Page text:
Saturday, May 6th marks International No Diet Day, and while not everyone may know about it, you should spread the word.
Started in 1992 by British feminist Mary Young, International No Diet Day has taken on diet culture and body shaming — in all its shapes and forms — to showcase to everyone worldwide that weight and size stigma happens each and every day.
It’s hard to live as a fat person in the world when you’re dealing with harmful and hurtful comments on a day-to-day basis. Society purports to teach us that we shouldn’t judge a book by its cover, but sometimes it feels like that doesn’t apply to fat people.
“People of size face a daily battle. Complete strangers will ridicule them to their faces, make horrific comments on their bodies and what those bodies should be used for. We’re told that we should hurt ourselves or that we deserve to die,” explains Vanessa Nash-Gale, who holds the title of Miss Fuller Woman Canada 2016. More often than not, harassment takes place online as well. We are inundated with media and information telling us that specific bodies and beauty standards are correct and people are wrong to be fat. The stigma surrounding fat bodies increases daily.
Case in point, more recently body image advocate Jewelz Mazzei of Big and Blunt had one of her dancing videos go viral and posted to a page where they invited folks to make fun of her due to her size. She tells CityTV in an interview, “Hey, I’m plus-size and I’m okay with it and I’m okay with putting myself out there!”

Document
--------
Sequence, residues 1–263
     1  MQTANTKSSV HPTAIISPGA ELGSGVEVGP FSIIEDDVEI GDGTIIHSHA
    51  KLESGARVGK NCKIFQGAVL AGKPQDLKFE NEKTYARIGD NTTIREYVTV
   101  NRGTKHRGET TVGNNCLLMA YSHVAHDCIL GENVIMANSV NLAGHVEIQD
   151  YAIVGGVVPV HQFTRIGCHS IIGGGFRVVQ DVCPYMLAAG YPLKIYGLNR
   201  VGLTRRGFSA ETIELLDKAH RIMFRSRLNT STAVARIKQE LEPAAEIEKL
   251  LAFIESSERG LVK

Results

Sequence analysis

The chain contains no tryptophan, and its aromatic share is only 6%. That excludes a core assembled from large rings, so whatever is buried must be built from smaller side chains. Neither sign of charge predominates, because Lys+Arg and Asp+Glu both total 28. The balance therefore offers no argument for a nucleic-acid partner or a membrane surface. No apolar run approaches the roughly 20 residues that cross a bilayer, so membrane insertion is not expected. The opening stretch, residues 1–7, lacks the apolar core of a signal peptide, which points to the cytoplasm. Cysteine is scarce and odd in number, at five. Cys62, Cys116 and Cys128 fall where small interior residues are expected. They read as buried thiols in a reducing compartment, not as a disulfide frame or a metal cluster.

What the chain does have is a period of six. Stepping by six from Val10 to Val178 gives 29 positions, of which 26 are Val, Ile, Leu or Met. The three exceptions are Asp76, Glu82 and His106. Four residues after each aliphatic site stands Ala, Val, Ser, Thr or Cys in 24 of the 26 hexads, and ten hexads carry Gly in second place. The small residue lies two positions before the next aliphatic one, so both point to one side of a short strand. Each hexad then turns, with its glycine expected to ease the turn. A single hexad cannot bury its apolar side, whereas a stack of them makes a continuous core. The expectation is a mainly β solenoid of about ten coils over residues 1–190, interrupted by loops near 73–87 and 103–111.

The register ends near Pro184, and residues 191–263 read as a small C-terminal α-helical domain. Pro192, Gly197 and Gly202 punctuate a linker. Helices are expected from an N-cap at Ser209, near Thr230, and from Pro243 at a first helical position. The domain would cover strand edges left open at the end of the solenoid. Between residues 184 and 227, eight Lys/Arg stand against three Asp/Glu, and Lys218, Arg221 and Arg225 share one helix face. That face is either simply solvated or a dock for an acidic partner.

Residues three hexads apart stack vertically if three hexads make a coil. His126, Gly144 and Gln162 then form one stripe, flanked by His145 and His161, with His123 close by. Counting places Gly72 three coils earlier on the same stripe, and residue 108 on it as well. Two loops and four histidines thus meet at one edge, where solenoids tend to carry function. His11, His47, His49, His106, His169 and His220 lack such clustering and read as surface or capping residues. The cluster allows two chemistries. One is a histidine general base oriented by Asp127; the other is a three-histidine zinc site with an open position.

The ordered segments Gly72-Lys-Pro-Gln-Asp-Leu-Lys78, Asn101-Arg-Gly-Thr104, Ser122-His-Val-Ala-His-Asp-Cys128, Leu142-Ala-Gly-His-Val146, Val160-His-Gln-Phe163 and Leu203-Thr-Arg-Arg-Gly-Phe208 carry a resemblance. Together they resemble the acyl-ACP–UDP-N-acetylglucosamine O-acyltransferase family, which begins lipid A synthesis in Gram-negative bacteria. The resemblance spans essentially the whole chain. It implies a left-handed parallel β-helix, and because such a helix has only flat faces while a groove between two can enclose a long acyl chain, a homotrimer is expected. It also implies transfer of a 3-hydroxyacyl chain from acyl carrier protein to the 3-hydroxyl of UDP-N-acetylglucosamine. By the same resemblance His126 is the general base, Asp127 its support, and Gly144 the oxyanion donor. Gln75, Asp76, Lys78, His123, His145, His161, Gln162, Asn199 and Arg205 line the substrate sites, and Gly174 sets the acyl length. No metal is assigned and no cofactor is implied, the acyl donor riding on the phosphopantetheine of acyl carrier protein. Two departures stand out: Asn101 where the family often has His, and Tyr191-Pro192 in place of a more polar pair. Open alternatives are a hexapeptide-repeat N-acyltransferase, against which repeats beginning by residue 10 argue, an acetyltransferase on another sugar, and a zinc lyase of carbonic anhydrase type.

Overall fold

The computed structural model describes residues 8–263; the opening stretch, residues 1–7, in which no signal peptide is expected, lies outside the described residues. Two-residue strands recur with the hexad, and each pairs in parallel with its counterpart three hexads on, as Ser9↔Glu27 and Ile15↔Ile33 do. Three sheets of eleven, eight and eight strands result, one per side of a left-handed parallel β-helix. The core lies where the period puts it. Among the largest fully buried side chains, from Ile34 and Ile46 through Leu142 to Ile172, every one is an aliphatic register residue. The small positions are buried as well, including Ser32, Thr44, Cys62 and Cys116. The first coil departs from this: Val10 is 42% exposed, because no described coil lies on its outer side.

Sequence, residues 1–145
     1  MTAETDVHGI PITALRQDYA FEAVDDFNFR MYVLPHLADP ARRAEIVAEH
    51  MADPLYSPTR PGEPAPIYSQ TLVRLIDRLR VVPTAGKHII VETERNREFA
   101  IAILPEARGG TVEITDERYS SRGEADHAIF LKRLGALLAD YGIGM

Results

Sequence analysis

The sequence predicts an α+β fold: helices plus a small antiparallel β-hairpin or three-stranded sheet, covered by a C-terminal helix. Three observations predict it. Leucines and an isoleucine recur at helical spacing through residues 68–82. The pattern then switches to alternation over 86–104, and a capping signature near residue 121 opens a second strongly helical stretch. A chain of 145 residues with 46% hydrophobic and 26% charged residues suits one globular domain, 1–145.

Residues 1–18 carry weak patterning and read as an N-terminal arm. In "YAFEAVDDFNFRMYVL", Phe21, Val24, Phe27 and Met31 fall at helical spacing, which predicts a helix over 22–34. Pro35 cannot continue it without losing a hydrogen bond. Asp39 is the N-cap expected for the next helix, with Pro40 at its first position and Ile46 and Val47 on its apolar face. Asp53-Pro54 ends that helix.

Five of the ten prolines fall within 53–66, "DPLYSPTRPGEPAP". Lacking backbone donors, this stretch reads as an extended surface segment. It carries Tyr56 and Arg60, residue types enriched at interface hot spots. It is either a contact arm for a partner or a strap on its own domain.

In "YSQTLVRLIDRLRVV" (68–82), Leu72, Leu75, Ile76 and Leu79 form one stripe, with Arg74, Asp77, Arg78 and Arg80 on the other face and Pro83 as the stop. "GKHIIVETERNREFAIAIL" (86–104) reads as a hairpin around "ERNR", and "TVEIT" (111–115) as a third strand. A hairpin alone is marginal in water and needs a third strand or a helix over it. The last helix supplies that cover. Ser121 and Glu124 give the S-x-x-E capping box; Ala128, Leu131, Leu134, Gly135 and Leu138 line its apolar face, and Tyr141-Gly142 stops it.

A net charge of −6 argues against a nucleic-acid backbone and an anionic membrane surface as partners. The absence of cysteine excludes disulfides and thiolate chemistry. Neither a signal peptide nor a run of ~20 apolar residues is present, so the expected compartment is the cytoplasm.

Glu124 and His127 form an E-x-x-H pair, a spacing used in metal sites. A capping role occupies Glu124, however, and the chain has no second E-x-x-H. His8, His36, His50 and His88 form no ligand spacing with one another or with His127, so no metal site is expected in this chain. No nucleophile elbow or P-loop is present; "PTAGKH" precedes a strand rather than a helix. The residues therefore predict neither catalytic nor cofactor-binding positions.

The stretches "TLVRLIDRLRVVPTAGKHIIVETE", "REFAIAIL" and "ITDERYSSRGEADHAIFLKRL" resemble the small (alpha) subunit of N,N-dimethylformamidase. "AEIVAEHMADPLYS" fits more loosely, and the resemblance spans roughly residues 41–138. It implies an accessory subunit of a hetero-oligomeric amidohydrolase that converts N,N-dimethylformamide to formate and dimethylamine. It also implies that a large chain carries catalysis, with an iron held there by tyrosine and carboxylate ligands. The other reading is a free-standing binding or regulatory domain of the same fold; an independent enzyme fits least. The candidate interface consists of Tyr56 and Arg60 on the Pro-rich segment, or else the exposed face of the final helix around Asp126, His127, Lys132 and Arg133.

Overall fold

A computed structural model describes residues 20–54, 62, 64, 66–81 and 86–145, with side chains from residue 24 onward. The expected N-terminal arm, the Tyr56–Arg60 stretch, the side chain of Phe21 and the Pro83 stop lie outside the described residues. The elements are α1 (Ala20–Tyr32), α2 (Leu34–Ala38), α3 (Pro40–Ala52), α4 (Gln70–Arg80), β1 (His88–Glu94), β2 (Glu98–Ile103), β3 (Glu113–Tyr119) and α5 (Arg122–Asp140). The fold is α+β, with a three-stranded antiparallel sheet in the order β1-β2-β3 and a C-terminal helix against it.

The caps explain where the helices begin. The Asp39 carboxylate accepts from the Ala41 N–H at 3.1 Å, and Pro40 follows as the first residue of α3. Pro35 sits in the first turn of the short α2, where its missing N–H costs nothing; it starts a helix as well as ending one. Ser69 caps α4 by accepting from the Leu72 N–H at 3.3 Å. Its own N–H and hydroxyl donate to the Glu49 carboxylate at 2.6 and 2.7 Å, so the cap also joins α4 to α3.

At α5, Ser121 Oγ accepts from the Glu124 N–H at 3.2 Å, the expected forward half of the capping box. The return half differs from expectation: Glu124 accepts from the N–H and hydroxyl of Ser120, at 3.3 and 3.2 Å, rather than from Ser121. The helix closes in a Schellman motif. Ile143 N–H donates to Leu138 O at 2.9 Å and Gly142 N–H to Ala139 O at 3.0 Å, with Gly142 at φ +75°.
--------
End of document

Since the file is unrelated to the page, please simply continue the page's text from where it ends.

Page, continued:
Jill Andrew is a Toronto-based fat activist who is taking on the fight against size discrimination head-first. In May 2016, she launched a petition titled #SizeismSUCKS to help add size discrimination to the Ontario human rights code, making it illegal to discriminate against someone for the size of their body. The petition, which has over 8,000 signatures, has been opened to others across Canada and Jill hopes to present the case to the Canadian Human Rights Commission within the year. “There has to be more of a spotlight on the issue of size discrimination before we can begin to shift our assumptions. We, as humans are assumption-making machines, and unfortunately when we see a fat person, we immediately begin to assume characteristics like laziness, weakness, or even less intelligence,” explained Sophia Apostol from Sophia Apostol Coaching. “By bringing consciousness, and legislation, to these assumptions, we can absolutely begin to shift those judgements.”
While No Diet Day just marks one day to try and change our shift towards diet culture and body shaming, it is vital that we continue to strive towards educating the public about what size and weight discrimination really are. Steff Ivory Conover, a member of the Succulent Six and part of the We’re Funny That Way variety show on No Diet Day (showcasing what it feels like to navigate the world in a big body, and the even bigger personalities that inhabit them) explains, “No Diet Day gives us an International Day to unite across the world and celebrate ALL bodies as a collective. It’s an incredible day of celebration, to cast off the naysayers, shoot the censors, and be free in your own body for Just ONE day. I believe that if we can start with one day free from body policing maybe, just maybe, we can secure the other 364.”
How do you think we can put an end to size discrimination? What will you do on No Diet Day to celebrate all body shapes and sizes? Let Vv Magazine know in the comment section or tweet us at @ViewtheVibe.